This is Bob Gassoff. To this day the name will spark memories in the city of Medicine Hat. Gassoff played in a more violent era of hockey history, and he was one of the reasons the game was so violent.
His PIMS yearly look ridiculous now, and they looked large then too. In 72-73 he led the WHL in penalty minutes with 388, and then added 152 in 17 post-season games. Both were all-time records when he set them.
He was a pretty good defenseman, good enough to be drafted 48th overall in the very strong 1973 draft. St. Louis had him play 45 games in the minors before he arrived in the NHL.
He was a good NHL player, won the Blues team MVP in 76-77 and he was listed as being a key player for St. Louis in each summer’s hockey yearbook.
To quote hockeydraftcentral: Memorial Day weekend in 1977, Gassoff and his pregnant wife, Diane, had been invited to a postseason barbecue at teammate Garry Unger’s 200-acre farm near Gray Summit, Mo.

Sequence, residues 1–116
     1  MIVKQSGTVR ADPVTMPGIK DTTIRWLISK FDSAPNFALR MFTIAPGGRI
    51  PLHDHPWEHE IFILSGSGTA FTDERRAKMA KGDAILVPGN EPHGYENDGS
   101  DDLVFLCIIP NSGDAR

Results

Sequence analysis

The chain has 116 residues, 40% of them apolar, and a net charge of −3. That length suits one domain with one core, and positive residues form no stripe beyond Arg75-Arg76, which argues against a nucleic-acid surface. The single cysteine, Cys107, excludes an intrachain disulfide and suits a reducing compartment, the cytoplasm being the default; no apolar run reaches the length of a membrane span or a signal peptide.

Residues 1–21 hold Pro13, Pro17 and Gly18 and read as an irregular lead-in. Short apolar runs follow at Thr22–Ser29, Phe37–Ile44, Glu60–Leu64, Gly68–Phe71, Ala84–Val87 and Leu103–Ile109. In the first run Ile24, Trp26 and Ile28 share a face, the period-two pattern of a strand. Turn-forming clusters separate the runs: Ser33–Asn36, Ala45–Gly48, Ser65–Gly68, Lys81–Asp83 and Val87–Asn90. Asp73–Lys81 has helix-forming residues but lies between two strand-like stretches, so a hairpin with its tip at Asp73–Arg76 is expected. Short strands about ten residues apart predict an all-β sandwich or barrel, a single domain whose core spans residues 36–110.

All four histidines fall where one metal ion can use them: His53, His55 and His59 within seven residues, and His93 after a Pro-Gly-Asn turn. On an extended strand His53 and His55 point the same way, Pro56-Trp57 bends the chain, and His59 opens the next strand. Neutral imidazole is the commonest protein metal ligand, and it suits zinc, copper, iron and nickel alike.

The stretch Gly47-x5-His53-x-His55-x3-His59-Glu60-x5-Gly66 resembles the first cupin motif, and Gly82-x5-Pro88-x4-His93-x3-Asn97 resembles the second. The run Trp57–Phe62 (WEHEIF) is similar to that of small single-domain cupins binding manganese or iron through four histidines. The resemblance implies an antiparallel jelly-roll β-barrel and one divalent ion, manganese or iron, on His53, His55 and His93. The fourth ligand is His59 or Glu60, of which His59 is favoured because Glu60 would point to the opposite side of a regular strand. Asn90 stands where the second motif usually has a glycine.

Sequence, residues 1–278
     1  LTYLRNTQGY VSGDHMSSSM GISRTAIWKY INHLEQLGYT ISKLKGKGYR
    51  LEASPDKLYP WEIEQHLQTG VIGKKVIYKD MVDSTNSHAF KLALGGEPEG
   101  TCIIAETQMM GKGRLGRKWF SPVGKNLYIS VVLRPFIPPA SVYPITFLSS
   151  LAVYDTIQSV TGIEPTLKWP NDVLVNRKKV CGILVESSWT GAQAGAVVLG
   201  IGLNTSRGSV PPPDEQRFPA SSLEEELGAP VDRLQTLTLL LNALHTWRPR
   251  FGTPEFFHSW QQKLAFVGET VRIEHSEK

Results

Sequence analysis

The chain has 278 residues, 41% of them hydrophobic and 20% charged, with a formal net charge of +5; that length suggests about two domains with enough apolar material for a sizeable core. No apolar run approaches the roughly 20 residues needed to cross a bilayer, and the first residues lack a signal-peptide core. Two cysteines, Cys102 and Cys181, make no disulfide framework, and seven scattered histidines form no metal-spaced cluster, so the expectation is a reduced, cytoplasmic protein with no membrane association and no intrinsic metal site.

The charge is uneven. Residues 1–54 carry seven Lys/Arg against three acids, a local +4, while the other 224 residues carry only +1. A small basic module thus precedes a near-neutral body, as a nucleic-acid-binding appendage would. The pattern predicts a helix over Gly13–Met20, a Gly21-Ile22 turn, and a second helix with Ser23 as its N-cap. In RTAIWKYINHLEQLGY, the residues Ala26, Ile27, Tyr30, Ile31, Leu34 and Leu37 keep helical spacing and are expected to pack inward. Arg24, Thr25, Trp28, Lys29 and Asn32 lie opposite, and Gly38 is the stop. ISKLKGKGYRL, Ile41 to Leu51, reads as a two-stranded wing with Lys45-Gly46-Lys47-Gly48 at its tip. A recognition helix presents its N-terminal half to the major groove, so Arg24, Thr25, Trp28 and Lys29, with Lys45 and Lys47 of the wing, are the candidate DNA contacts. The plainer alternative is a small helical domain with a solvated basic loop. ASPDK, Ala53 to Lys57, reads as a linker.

At roughly 6 p.m., Gassoff joined several others in riding motorcycles around Unger’s property. Unger would later say he remembered wondering if it was a good idea for Gassoff to ride the motorcycle because he had been drinking and didn’t have any riding experience. Gassoff drove out of Unger’s property on a gravel road that merged into to a winding road leading up a hill to Villa Ridge, Mo.
Gassoff wasn’t wearing a helmet and had no license plate on his motorcycle, so he decided to take a short run up the hill and come right back. On his way back down the hill, he collided head-on with a car driven by a man named Douglas Klekamp.
The crash killed Gassoff, although Klekamp walked away uninjured. In October 1977, Gassoff’s widow filed a $3 million lawsuit against Unger, his wife, and Klekamp, whom the suit alleged was one of Unger’s employees running an errand for the Ungers. Unger describes Gassoff’s death as one of the most devastating moments of his life.